More than 8,000 Vemonters are under some form of correctional control. One in four people incarcerated in Vermont have not been convicted of a crime. A new bipartisan consensus is emerging for criminal justice reform. A poll released this week by the ACLU of Vermont shows that two in three Vermonters want to reduce the prison population by investing in community-based alternatives, and four in five Vermonters support alternatives for offenses resulting from substance misuse, mental health conditions and poverty. James Lyall discusses efforts to cut Vermont’s prison population in half, other criminal justice reform legislation, as well as recent court decisions around immigrant rights. He also talks about his greatest concerns about civil liberties in the Trump era. (January 29, 2020 broadcast)
In President Trump’s first week in office, the American Civil Liberties Union handed him his first defeat: successfully challenging his refugee and Muslim ban in court and winning a stay in multiple federal courts. Now the Vermont chapter of the ACLU prepares to defend immigrant rights, privacy, LGBTQ rights, press freedom and other civil liberties in Vermont. We discuss the road ahead.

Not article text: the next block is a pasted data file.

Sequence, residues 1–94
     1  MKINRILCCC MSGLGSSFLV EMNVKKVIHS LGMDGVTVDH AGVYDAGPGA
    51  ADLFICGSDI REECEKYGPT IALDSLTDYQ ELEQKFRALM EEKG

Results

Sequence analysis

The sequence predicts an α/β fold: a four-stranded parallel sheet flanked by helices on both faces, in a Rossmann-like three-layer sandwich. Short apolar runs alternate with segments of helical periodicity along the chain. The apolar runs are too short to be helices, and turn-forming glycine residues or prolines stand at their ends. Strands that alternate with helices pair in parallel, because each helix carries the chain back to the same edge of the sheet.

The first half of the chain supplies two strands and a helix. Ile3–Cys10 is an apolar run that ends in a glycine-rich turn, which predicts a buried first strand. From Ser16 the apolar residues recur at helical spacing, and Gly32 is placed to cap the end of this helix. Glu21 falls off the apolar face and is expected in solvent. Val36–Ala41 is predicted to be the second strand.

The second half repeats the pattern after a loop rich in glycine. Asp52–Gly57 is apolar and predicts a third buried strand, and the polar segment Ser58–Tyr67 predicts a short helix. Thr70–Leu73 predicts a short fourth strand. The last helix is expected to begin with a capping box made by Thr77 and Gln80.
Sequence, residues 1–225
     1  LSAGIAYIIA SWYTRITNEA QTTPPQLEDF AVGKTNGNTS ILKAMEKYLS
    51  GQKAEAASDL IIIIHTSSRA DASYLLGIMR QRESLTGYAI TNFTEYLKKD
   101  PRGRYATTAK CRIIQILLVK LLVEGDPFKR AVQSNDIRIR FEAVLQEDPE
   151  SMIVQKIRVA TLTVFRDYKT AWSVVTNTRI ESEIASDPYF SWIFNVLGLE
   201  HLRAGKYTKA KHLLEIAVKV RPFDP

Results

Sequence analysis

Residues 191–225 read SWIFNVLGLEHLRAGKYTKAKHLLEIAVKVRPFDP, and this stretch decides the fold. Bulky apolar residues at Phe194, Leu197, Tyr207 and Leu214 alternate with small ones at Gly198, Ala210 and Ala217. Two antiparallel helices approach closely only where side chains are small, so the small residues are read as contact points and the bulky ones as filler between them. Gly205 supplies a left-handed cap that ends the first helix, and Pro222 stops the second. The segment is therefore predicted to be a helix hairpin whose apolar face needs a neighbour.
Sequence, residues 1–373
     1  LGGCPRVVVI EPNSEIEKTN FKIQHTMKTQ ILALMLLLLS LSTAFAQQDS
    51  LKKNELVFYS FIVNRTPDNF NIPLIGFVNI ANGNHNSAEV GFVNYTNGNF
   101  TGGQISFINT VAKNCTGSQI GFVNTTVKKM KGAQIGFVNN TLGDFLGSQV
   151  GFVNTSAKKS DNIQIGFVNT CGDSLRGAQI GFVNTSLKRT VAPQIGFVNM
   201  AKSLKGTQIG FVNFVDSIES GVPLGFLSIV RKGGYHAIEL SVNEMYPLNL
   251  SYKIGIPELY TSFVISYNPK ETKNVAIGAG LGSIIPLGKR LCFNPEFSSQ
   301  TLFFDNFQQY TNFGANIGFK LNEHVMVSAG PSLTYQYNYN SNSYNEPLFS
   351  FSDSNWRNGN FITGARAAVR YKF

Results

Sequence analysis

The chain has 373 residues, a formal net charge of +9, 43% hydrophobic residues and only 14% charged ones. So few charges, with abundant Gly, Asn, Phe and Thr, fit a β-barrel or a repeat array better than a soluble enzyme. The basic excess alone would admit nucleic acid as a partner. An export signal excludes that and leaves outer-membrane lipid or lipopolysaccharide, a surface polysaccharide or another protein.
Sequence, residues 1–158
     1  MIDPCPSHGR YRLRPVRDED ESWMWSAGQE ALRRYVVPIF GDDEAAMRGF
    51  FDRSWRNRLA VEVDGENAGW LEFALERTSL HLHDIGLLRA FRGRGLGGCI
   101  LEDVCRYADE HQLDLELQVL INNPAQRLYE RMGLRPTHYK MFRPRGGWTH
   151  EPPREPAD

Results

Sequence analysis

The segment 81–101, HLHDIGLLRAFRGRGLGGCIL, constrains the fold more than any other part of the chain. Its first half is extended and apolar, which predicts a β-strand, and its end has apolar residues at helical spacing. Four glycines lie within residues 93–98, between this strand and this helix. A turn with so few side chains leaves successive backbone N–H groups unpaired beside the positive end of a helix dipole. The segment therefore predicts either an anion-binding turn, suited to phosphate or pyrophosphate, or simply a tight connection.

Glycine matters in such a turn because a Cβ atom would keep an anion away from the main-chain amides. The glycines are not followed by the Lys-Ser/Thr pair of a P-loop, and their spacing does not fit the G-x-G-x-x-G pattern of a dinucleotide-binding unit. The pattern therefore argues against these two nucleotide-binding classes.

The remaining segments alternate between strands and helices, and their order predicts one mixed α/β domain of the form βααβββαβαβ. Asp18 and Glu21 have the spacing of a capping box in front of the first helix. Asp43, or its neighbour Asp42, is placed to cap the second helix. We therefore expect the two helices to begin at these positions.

Drones. Computer hacking. Cell phone location services. These are just some of the threats to privacy that citizens face on a daily basis. Allen Gilbert, executive director of the Vermont chapter of the American Civil Liberties Union, discusses new legislation aimed at protecting privacy, and why he feels that Act 46, Vermont’s new education law, violates the Vermont constitution and will likely result in a lawsuit from the ACLU.
Allen Gilbert, executive director, Vermont chapter of the American Civil Liberties Union